The Rhine Valley: on land and water

A day out on Leger’s Romantic Rhine, Fairytale Castles of Bavaria and the Black Forest tour took us along just a small stretch of one of Europe’s longest rivers, the mighty Rhine.

Pastel-coloured buildings of pink, green, yellow and mustard lined the banks of the river amongst clean white churches and half-timbered buildings, all looking like tiny matchboxes against towering hillsides. Above them, I noticed how the land resembled a patchwork of deep green corduroy – stripes left to right, up and down – as if it was a large blanket, holding the hills together.
 
Colourful buildings line the Rhine
 
As we began sailing along the calm waters of the Rhine we passed one of the many castles which cling to the valley: Burg Maus – ‘Mouse Castle’, with its distinctive round tower, sitting above the small village of Wellmich on the east side of the river.
 

Burg Maus
Burg Maus sits high on the east bank of the Rhine.

 
Through the commentary on our ship we learnt that the castle – official name, Burg Peterseck, and also known as Thurnberg – was built by the archbishop of Trier to protect its borders against the Counts of Katzenelnbogen who had previously built a castle on the opposite side of the river: Burg Rheinfels. In response to the building of Thurnberg, the counts built a larger castle, the name of which was shortened to Burg Katz (Cat Castle), and, according to tradition, renamed the archbishop’s castle Burg Maus (Mouse Castle), saying that Burg Maus would be eaten by their nearby Burg Katz!
 
Burg Katz sits along the river from Burg Maus
The larger Burg Katz sits along the river from Burg Maus.

 
A bit further along we passed the rather unusual Zur Klosterschenke – a church which is attached to a pub! To get to the church you actually have to go through the bar. Here, the priest apparently serves at the bar when he’s not covering his other duties. That’s something I’ve never encountered before!
 
Zur Klosterschenke
Zur Klosterschenke – see how the church is adjoined to the pub!

 
In Kamp-Bornhofen the two castles of Sterrenberg and Liebenstein stand high on the hill and hold a couple of interesting stories about two brothers from the 13th century. Legend has it that the brothers, who shared the castles, became enemies and a wall was built between the two structures. These castles – one white and one black, seen clearly from the river – are sometimes referred to as ‘The Warring Brothers’.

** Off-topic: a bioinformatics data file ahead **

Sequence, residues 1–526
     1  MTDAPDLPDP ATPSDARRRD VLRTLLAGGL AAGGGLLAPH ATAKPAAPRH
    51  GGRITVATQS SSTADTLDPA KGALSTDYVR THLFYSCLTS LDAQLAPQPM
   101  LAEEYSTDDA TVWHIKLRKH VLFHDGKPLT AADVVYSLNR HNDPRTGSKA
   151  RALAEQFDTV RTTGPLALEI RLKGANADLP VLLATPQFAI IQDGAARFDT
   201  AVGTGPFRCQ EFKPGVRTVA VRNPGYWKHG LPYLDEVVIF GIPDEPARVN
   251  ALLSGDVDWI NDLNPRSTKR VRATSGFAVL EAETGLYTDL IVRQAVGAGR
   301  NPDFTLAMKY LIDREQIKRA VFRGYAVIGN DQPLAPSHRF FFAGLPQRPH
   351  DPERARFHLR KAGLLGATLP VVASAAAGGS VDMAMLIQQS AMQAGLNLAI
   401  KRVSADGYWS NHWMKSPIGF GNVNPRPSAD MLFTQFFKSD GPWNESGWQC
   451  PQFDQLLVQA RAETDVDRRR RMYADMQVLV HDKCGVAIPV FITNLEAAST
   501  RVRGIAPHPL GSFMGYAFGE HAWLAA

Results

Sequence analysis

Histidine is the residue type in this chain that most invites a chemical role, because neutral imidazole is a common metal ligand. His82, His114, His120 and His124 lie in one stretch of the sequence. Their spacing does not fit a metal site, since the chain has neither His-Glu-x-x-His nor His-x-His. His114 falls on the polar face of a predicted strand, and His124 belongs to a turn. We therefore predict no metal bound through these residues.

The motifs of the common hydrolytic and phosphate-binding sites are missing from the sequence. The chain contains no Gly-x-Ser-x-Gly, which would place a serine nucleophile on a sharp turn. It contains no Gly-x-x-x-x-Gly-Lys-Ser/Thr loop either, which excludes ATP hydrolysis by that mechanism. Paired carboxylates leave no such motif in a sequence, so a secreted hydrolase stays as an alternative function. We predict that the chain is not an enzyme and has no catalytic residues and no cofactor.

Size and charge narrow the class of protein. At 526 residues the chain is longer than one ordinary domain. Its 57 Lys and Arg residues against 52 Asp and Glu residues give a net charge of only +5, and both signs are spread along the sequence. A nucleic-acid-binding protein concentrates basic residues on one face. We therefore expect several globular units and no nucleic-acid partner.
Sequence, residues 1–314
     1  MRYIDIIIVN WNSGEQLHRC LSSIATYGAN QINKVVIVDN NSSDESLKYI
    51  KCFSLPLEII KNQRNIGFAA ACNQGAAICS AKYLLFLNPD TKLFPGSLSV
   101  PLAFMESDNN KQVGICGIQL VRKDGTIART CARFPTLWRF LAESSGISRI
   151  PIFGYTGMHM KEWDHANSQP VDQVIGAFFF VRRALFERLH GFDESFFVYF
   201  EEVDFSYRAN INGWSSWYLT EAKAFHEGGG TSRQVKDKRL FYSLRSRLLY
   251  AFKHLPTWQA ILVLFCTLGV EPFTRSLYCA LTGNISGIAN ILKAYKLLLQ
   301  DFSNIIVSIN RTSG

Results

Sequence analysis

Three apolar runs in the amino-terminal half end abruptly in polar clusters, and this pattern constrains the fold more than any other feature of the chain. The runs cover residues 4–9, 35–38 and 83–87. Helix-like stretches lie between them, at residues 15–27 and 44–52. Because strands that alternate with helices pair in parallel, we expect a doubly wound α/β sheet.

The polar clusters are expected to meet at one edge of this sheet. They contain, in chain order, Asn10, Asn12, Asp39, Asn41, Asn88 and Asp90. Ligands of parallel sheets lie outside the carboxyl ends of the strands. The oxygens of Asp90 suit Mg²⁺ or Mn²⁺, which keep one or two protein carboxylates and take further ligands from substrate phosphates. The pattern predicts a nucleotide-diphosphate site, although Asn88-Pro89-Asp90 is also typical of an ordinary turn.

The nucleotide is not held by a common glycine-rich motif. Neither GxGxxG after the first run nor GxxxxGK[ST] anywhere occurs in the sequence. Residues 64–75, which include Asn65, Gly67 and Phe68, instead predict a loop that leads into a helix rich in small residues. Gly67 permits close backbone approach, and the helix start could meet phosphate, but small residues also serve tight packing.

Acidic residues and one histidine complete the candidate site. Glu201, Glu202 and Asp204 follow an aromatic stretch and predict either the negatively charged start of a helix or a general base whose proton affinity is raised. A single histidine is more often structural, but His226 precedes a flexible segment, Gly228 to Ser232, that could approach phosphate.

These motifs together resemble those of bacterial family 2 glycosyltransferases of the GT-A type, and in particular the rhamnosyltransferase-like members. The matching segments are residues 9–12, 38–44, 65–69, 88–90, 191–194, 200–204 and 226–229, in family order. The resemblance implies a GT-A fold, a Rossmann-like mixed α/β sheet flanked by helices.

Cruising along the river
 
It was a beautiful, sunny day as we continued along the Rhine. Our party were sitting in deck chairs laughing and joking, enjoying a drink and a chat in the sunshine. It was so relaxing, just sitting there, listening to the commentary and taking in the scenery. Flags were flapping in the welcome breeze and everyone appeared to be having a great time.
 
Cruising down the river
Cruising down the river
 
Off the ship and back on dry land in the lovely town of Boppard I enjoyed a short walk along the Rhine Promenade before we left for our next visit. Along the promenade people were walking their dogs while others strolled along, eating ice cream or pedalled past me on bikes. Baskets of red and pink geraniums lined the railings against the river adding a hint of colour to the view.
 
The Rhine Promenade
 
Leaving Boppard, our next stop was the small town of St. Goar (Sankt Goar). After a short walk along the edge of the Rhine, I was in the centre of town, and immediately spotted the cuckoo clock shop – not hard to do since outside it displays the world’s largest free-hanging cuckoo clock. Behind the clock, up on the hillside I could see the Burg Rheinfels (one of the castles built by the Counts of Katzenelnbogen) which was apparently the largest castle on the Rhine until Napoleon’s army came and blew it to bits! Today, while some of the castle is still in ruins, other parts of the building are a hotel and restaurant.
 
The world’s largest free-hanging cuckoo clock in St. Goar
The world’s largest free-hanging cuckoo clock in St. Goar.

 
As I continued along the town’s pedestrianised, central street, lined with souvenir shops, inviting cafés and kondotorei, I could hear the loud ‘tick tock’ of the ‘world’s largest free-hanging cuckoo clock’ following me for quite a distance. I spotted a few members of our party sitting at the cafés, enjoying an afternoon tea break: a pot of tea, a cold beer or a large ice cream.
 
St. Goar
Rheinfels Castle can be seen from St. Goar’s main street.

 
Up in the quiet backstreets of St. Goar, the only sound I could hear was my own footsteps. The maze of cobbled streets lead me to a picturesque church, tucked up into the centre of the town, amongst old buildings and streets lined with colourful planters. Following the paths back to the main street, I sat beside a couple of men enjoying huge slabs of cake – a strip of biscuit base holding orange sponge, pink mousse and topped with strawberries. Yum!
 
Tasty cakes from the konditorei.
Tasty cakes from the konditorei.

 
But there was no time for cake for me. The day had all-too-quickly come to an end and it was time to leave the lovely little town of St. Goar and the picturesque Rhine Valley after a wonderful, memorable day by the river.
Have you been to the Rhine Valley or experienced a cruise along the River Rhine? Have you been on Leger’s Romantic Rhine, Fairytale Castles of Bavaria and the Black Forest tour? Share your stories with us.
 
 

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